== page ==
\( -clone 0 -define convolve:scale=100^,100% \
     -morphology Convolve DoG:3,0,0.4806768770037563 \) \
  \( -clone 0 -gamma 3 -define convolve:scale=100^,100% \
     -morphology Convolve DoG:3,0,0.4806768770037563 -gamma 0.33333333333333333 \) \
  -evaluate-sequence median \
  -set colorspace RGB -colorspace sRGB MGBgamma3s100.png
« Last Edit: October 01, 2014, 04:50:23 am by NicolasRobidoux »
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NicolasRobidoux

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Re: A free high quality resampling tool for ImageMagick users
« Reply #348 on: October 01, 2014, 04:34:36 am »

Now, the results of downsampling with schemes that should preserve the lightness in high frequency areas better: Bilinear done correctly, EWA Quadratic, EWA Robidoux and EWA RobidouxSharp:
convert \
    input.jpg -set colorspace sRGB -colorspace RGB \
    -filter Triangle -resize 25\% \
    -set colorspace RGB -colorspace sRGB bilinear.png

convert \
    input.jpg -set colorspace sRGB -colorspace RGB \
    -filter Quadratic -distort Resize 25\% \
    -set colorspace RGB -colorspace sRGB EWAquadratic.png

convert \
    input.jpg -set colorspace sRGB -colorspace RGB \
    -distort Resize 25\% \
    -set colorspace RGB -colorspace sRGB EWArobidoux.png

convert \
    input.jpg -set colorspace sRGB -colorspace RGB \
    -filter RobidouxSharp -distort Resize 25\% \
    -set colorspace RGB -colorspace sRGB EWArobidouxSharp.png
Look at the eyes or measure the average luminance in a patch. Some of this is probably caused by the sharpening "bottoming out" less than it "tops up" but my guess is that at least some of it comes from mixing gamma 3 in.
It looks to me like the halo suppression comes with a subtle form of moire.
P.S. Hopefully it's not a side effect of using a Q16 version of ImageMagick without care or worry. If so, I'll feel like a fool.
« Last Edit: October 01, 2014, 04:59:21 am by NicolasRobidoux »
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NicolasRobidoux

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Re: A free high quality resampling tool for ImageMagick users
« Reply #349 on: October 01, 2014, 06:34:15 am »

...
When you try and down-sample e.g. one of Norman Koren's targets, in particular this one, and down-sample it to 25%, it should show how a sinusoidal (and for the masochists a bi-tonal) progressive grating of increasingly higher spatial frequencies will perform all the way past the Nyquist frequency. That should give a repeatable image for testing different scenarios.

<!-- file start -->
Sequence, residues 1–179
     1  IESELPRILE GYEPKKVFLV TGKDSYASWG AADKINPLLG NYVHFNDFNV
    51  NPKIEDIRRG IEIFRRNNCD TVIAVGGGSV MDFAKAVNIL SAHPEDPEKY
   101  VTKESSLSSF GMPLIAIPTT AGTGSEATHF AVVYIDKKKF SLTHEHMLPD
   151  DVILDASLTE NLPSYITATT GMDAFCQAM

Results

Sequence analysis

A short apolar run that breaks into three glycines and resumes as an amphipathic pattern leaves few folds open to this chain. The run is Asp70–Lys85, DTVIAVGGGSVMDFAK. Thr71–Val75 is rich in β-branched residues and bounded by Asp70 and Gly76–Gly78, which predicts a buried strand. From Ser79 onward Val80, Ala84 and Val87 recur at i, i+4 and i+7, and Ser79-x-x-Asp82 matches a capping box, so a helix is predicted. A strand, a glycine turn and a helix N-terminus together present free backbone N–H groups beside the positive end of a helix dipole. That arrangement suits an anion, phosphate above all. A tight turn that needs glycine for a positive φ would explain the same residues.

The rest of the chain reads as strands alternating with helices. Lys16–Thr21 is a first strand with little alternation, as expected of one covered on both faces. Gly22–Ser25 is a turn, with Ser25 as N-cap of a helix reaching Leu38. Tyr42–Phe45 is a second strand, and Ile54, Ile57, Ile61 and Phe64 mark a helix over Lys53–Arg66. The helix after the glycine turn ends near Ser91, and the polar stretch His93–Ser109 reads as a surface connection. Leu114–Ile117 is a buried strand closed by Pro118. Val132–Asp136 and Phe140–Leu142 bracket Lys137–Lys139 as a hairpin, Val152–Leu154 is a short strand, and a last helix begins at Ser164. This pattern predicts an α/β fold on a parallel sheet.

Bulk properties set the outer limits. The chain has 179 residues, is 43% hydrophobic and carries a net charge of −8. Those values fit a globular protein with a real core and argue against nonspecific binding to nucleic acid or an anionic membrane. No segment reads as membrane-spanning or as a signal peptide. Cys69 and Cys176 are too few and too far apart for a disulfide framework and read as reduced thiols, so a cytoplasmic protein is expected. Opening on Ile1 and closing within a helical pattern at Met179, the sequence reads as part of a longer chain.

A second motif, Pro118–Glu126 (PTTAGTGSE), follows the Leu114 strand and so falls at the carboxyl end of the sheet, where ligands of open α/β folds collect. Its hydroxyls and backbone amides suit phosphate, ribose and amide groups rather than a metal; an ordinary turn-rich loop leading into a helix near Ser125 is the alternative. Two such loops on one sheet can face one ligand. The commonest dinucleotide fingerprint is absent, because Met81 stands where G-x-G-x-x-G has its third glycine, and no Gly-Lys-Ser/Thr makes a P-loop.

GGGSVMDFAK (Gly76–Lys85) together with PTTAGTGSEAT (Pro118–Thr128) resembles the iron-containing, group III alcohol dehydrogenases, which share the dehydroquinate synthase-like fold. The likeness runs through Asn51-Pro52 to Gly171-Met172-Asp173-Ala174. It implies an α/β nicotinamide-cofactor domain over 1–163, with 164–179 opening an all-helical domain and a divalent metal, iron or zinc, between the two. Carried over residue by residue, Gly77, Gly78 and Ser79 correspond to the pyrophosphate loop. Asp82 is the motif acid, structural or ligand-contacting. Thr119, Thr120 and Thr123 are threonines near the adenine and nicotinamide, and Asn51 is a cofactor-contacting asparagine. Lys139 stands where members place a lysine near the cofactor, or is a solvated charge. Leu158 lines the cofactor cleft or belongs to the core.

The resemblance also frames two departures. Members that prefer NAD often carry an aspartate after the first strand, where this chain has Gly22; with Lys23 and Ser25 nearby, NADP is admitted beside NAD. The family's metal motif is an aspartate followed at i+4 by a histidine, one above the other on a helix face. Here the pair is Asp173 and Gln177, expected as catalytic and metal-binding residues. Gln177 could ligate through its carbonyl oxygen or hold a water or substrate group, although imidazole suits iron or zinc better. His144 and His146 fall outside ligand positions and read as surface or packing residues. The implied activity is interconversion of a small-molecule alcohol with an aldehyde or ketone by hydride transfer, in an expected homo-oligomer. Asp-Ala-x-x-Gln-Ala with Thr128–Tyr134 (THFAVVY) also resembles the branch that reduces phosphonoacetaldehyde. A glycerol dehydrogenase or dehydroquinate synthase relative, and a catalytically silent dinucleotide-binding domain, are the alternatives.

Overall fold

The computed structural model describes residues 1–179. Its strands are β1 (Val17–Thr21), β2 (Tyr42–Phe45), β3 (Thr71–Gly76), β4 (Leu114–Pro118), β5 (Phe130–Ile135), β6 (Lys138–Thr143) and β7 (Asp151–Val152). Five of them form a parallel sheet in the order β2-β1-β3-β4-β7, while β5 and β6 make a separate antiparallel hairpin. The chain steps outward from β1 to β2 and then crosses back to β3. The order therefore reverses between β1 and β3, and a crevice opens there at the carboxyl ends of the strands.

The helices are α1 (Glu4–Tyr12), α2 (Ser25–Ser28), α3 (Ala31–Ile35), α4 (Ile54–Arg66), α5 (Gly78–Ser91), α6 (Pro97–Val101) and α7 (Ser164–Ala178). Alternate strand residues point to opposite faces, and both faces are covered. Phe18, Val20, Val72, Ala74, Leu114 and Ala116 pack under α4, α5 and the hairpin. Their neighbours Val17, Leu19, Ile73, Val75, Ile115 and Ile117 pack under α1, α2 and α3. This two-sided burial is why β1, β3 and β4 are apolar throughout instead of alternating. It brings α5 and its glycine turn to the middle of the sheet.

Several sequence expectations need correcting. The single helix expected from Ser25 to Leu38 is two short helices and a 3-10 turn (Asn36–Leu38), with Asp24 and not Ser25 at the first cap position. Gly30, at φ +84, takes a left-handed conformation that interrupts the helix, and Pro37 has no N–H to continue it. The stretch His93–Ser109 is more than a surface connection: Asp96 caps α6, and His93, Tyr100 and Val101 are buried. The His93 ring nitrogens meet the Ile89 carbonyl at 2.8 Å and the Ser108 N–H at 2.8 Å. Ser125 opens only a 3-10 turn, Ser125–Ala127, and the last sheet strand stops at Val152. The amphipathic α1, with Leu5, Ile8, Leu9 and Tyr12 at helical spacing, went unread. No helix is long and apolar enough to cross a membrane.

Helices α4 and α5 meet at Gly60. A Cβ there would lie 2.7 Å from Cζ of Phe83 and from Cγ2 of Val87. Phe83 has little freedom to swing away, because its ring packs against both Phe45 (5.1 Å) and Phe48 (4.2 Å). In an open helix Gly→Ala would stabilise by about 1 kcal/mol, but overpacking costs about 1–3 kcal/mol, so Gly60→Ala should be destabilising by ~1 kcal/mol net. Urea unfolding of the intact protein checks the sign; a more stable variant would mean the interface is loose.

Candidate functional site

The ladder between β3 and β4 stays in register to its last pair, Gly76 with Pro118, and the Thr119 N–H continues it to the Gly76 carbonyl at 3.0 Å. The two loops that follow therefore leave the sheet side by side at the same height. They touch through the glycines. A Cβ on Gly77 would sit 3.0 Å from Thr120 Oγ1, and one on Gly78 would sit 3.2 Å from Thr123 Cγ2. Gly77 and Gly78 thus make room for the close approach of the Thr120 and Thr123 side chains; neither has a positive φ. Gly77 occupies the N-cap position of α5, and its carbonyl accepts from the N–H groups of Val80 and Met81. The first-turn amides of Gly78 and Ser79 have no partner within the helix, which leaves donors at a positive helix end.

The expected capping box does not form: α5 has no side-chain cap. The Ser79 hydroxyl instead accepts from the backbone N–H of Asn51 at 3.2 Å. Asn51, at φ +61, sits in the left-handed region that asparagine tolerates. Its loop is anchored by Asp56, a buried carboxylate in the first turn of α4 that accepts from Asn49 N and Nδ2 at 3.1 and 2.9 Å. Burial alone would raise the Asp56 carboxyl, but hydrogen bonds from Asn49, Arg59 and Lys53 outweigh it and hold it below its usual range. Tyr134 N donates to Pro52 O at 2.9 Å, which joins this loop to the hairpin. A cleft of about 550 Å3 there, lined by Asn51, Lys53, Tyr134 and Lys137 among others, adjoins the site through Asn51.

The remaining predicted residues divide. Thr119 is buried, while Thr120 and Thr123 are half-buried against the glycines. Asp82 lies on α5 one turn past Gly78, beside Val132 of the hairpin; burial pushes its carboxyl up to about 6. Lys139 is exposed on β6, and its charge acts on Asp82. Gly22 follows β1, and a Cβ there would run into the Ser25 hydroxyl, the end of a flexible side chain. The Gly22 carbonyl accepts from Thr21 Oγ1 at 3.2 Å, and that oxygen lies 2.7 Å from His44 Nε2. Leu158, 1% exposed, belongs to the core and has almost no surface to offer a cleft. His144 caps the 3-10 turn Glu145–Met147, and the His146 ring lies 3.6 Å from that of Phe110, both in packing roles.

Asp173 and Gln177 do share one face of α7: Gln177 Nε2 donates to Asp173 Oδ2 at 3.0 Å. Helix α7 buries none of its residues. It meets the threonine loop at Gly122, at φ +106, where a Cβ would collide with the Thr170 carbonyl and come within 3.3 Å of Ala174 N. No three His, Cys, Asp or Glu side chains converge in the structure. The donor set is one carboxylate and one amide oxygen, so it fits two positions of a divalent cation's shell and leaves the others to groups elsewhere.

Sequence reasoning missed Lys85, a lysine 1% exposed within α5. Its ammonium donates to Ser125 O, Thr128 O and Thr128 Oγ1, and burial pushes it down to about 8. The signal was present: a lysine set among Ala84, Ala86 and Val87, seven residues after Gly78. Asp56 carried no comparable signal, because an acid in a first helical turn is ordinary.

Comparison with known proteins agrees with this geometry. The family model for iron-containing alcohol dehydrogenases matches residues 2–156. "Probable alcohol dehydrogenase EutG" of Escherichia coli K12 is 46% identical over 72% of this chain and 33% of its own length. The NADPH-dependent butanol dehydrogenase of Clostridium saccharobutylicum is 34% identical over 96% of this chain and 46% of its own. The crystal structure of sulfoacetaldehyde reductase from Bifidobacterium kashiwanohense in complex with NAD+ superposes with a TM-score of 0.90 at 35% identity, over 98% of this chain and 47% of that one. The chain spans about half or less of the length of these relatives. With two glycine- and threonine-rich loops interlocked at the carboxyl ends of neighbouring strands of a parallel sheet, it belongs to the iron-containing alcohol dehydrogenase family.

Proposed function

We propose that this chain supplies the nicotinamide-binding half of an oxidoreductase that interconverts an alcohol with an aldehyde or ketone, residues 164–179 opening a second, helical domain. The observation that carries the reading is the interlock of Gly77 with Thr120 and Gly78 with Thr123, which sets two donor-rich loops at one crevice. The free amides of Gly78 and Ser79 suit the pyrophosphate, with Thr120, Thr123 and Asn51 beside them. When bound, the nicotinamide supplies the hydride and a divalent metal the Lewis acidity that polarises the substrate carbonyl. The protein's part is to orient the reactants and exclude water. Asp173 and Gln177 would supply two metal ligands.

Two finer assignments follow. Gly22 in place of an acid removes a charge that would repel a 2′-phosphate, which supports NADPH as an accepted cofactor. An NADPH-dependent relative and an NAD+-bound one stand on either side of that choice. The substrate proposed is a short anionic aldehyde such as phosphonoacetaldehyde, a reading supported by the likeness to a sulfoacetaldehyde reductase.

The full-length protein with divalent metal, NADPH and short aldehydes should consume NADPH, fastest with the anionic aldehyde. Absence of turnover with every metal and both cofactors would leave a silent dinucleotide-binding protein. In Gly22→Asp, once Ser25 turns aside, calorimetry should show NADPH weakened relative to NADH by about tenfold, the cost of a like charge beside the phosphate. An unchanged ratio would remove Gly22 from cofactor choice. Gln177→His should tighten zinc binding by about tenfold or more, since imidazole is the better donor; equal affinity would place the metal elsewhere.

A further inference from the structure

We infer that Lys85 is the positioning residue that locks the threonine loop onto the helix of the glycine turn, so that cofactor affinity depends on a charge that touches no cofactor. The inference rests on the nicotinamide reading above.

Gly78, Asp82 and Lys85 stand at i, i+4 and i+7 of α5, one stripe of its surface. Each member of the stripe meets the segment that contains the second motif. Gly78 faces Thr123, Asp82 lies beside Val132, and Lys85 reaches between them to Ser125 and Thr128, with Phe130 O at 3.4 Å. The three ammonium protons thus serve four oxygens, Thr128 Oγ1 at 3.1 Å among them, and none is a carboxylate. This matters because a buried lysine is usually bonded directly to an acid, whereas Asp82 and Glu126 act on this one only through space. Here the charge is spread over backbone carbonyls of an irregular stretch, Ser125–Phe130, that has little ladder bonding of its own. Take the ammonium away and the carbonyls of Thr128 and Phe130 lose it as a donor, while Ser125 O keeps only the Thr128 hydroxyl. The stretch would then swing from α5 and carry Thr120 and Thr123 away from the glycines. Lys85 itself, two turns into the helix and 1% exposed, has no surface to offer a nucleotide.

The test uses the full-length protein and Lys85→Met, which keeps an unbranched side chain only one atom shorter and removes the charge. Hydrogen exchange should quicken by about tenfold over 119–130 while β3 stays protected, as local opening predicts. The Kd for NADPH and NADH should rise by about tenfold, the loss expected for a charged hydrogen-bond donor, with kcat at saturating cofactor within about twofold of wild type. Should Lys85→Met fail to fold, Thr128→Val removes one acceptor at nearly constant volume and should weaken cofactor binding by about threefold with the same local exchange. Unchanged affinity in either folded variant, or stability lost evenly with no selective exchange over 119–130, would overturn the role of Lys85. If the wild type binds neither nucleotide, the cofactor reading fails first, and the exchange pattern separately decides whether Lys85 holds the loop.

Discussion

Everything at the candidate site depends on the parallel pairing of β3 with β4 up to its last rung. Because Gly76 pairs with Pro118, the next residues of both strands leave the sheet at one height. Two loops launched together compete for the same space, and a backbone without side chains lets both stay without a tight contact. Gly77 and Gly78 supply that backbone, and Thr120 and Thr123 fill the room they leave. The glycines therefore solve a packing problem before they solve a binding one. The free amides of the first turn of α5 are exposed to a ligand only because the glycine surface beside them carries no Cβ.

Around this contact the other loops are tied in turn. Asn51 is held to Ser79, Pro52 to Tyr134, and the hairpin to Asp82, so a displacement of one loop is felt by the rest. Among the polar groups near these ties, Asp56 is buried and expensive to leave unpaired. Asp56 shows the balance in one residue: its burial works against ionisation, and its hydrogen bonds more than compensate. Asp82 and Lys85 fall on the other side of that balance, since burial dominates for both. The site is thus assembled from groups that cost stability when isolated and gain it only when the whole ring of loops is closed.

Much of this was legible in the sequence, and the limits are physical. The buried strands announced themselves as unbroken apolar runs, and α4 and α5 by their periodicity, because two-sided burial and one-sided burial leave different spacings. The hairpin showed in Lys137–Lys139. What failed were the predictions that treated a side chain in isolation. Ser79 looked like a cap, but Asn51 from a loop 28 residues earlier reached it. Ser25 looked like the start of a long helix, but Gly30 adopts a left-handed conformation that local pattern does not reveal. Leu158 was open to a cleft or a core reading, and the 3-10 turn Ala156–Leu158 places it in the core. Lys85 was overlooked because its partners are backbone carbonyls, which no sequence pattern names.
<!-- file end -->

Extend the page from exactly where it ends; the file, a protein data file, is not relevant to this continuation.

...
First, with the gamma 3 versions of Bart's (LWGB...) and Nicolas' (MGB...).
(Hopefully I'm not violating copyright law by posting downsampled versions. Let me know if I'm wrong and I'll take the results down.)
« Last Edit: October 01, 2014, 06:41:59 am by NicolasRobidoux »
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NicolasRobidoux

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Re: A free high quality resampling tool for ImageMagick users
« Reply #350 on: October 01, 2014, 06:35:39 am »

... now with more neutral schemes.
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Bart_van_der_Wolf

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Re: A free high quality resampling tool for ImageMagick users
« Reply #351 on: October 01, 2014, 09:57:04 am »

First, with the gamma 3 versions of Bart's (LWGB...) and Nicolas' (MGB...).

And if we make a profile plot through the sinusoidal grating we get something like this (see attachments).

As can be seen, due to blending of unresolvable pixels in linear light, the resulting average amplitude in '2.2 gamma space' (actually 1/2.2, or gamma 2.2 pre-compensated) is higher than the plain average between minimum and maximum.

What also can be seen is that deconvolution with an amount of 50 allows to maintain higher resolutions (higher spatial frequencies) with the restored maximum amplitude of the original input. There comes a point where resolution will diminish as we come close to the Nyquist frequency where amplitude goes to zero, and at even higher spatial frequencies we see some aliasing artifacts (which will fold back (mirror) to lower spatial frequencies as aliases).

We can also see that at a deconvolution amount of 50, the highest non-halo adding level, there is little difference between the luminance blending and the median blending approaches. At a higher deconvolution amount, which will add some haloing (predictable by filter design), we also see that Median blending fails to use most of the sharpened versions, and takes the unsharpened middle ground, and thus is less effective in sharpness restoration. The average amplitude level remains at the same elevated level as the others, because that is caused by linear light blending of unresolvable pixels.

Because of the less effective sharpening, the maximum amplitudes are lower (which could be interpreted as less lightening, but is actually just a lower maximum amplitude, also at the minimum values which become lighter).

So all effects can be attributed to less effective restoration of the original input signal amplitudes near high spatial frequencies.

Cheers,
Bart



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Bart_van_der_Wolf

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Re: A free high quality resampling tool for ImageMagick users
« Reply #352 on: October 01, 2014, 10:10:00 am »